By Buck Weaver on 16:30:41 01/07/09
I'll admit that I was a little depressed after Monday's loss to Texas so I decided to do a little analysis of the nation's top football programs. Much of this information is "known" although it's good to corroborate with actual facts. However, there were a few surprises.
Being a Buckeye fan, I wanted to see how we stacked up against the top programs. If only this country had analysts & media who covered college sports full-time, this type of analysis might actually be performed. However, since that's sadly not the case, I decided I'd perform the analysis myself.
I selected USC, Texas, OSU, Florida, Oklahoma, LSU, Penn State and Georgia as the top programs. This selection was pretty arbitrary but I think is supportable. I also chose to analyze the last four seasons (2005-2008). Again, an arbitrary selection but it allows enough time to show consistency or performance and eliminate one-year anomalies.
I should also note that all information is prior to Oklahoma's impending loss to Florida in the BCS Championship Game.
A recap of each program's four-year record is listed below:
Four-Year Record Winning %:
Penn State 78.4%
MARGIN OF VICTORY:
One of the first things that I was interested in was Margin of Victory. In my definition, MOV equates to the number of wins greater than 7 points. This definition is partly due to laziness (I didn't want to crunch numbers on games won by a score of 63-21) but also reflects that it eliminates the "run up the score" approach followed by some coaches.
Wins > 7 points:
Penn State 80.0%
I must admit that this result was shocking to me. OSU has won 88% of its games in the last four years by more than 7 points which leads the statistics among top teams. It is also interesting to note that the top SEC programs are laggards on this statistic which might be indicative of the overall competitiveness of the SEC during this timeframe.
Much has been made in the media of OSU being blown-out in some games. Accordingly, I was interested in how often elite teams lost by more than 17 points.
Losses by > 17 points:
Oklahoma 4 36.4%
Texas 2 28.6%
Penn State 3 27.3%
LSU 3 27.3%
OSU 2 25.0%
Georgia 3 25.0%
Florida 1 11.1%
USC 0 0.0%
In fact, only two of OSU's losses were by more than 17 points. Unfortunately, these losses (Florida & USC) were on a national stage with national audiences watching. Thus, they are more memorable than big losses by other programs which tended to happen earlier in the season and against regional competition.
I was also intrigued with how these elite teams did within their conference.
Penn State 81.8%
Ohio State 37.5%
I was a bit surprised by this data. OSU is the only elite program to have more losses from out-of-conference opponents. While many will surmise this outcome reflects the weakness within the Big Ten, Penn State's results suggest otherwise. In my opinion (and to be supported by the next table), OSU has faced some unbelievably challenging out-of-conference competition. Again, the other elite teams seem to lose their games in regional match-ups which equates to smaller audiences seeing the loss; thus, OSU suffers from a perception issue that doesn't trouble the other elite programs.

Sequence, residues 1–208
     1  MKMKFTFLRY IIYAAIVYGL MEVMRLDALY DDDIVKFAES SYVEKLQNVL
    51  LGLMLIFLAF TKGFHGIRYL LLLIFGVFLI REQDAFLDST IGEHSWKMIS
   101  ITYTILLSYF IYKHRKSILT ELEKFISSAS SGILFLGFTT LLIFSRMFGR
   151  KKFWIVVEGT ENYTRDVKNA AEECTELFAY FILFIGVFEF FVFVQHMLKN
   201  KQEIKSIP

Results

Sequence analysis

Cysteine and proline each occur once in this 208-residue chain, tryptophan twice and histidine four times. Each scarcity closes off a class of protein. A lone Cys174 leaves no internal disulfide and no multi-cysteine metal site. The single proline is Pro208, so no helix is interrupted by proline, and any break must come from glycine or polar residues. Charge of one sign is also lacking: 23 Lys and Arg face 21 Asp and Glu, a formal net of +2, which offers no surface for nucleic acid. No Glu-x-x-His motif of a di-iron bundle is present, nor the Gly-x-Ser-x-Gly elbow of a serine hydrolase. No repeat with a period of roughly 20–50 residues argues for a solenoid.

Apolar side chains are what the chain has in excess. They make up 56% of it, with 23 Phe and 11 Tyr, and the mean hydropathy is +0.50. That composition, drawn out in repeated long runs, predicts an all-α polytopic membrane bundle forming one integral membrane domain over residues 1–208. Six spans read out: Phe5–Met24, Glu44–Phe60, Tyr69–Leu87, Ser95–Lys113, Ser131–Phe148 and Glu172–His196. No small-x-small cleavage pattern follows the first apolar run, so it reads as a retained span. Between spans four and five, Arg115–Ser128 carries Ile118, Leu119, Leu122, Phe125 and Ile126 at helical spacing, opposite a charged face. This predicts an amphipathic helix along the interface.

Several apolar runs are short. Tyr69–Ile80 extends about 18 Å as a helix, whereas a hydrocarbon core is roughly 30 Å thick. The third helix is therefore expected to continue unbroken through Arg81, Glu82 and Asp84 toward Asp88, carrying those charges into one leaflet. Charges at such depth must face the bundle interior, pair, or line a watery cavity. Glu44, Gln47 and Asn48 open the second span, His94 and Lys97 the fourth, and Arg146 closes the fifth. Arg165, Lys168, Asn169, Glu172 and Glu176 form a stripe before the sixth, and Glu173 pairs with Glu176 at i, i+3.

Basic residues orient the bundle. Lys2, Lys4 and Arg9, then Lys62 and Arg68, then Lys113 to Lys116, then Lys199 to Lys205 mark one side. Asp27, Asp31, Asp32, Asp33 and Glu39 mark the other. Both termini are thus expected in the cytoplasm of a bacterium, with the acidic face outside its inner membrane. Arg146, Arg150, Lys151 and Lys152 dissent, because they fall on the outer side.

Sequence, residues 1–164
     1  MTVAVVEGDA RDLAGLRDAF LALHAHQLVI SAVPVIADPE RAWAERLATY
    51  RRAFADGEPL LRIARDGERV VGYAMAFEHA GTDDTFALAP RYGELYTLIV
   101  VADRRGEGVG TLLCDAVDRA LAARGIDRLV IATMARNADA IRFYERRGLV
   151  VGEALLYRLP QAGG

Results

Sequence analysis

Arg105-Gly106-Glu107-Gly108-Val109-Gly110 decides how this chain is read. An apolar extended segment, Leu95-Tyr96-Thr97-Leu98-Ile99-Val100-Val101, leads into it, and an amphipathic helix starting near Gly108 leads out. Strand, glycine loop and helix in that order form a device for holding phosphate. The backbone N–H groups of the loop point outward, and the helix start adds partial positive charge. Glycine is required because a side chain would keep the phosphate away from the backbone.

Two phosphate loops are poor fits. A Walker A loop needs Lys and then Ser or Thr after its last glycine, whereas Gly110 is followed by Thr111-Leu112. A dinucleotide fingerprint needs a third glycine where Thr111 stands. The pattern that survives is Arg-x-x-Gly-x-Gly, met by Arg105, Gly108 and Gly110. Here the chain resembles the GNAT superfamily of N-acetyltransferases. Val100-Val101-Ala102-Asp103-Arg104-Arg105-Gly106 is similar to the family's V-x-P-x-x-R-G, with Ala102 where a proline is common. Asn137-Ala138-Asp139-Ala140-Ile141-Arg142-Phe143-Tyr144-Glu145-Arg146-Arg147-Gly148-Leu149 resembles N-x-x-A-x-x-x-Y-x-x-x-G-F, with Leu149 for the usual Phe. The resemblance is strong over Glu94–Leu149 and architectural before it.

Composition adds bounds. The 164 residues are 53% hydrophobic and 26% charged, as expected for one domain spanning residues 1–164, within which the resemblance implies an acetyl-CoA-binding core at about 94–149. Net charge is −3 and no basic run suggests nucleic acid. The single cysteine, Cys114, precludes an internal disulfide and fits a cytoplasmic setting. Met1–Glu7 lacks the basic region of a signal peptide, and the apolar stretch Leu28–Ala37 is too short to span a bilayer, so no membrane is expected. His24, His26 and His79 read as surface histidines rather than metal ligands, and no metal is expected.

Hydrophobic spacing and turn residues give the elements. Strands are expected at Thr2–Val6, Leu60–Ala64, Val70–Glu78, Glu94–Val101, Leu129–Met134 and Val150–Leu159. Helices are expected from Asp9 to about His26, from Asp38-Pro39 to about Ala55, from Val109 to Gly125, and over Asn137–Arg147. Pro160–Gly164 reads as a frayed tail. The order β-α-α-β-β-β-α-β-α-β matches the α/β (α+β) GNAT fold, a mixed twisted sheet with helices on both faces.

Finally, I was interested in the "quality of losses" which I defined as the cumulative season losses for each team that beat an elite team. I then created an index taking the "combined losses of victorious opponents" number and dividing by "number of losses".
Quality of losses index:
Penn State 3.00
This statistic is pretty amazing. The combined losses of teams that beat OSU in the last four years is 11. The outcome (which we all knew intuitively) is that OSU has lost exclusively to some very high quality teams. Comparatively, USC has only one "high quality" loss (Texas) and five very low quality losses resulting in a poor index of 4.33.
We are indeed a very elite program. Our win percentage of 83% trails only two other programs. While we have lost some big games by large margins, we have only lost to either elite opponents or teams having exceptional years. Our program suffers from a poor national perception because we have lost on the biggest stages - not because we are losing by greater margins or more frequently. Further, with the exception of USC, I would challenge in other elite program to play the teams we did in this four-year stretch (Texas @ Austin, LSU @ New Orleans, USC @ LA, Florida in BCS Championship) and fare any better.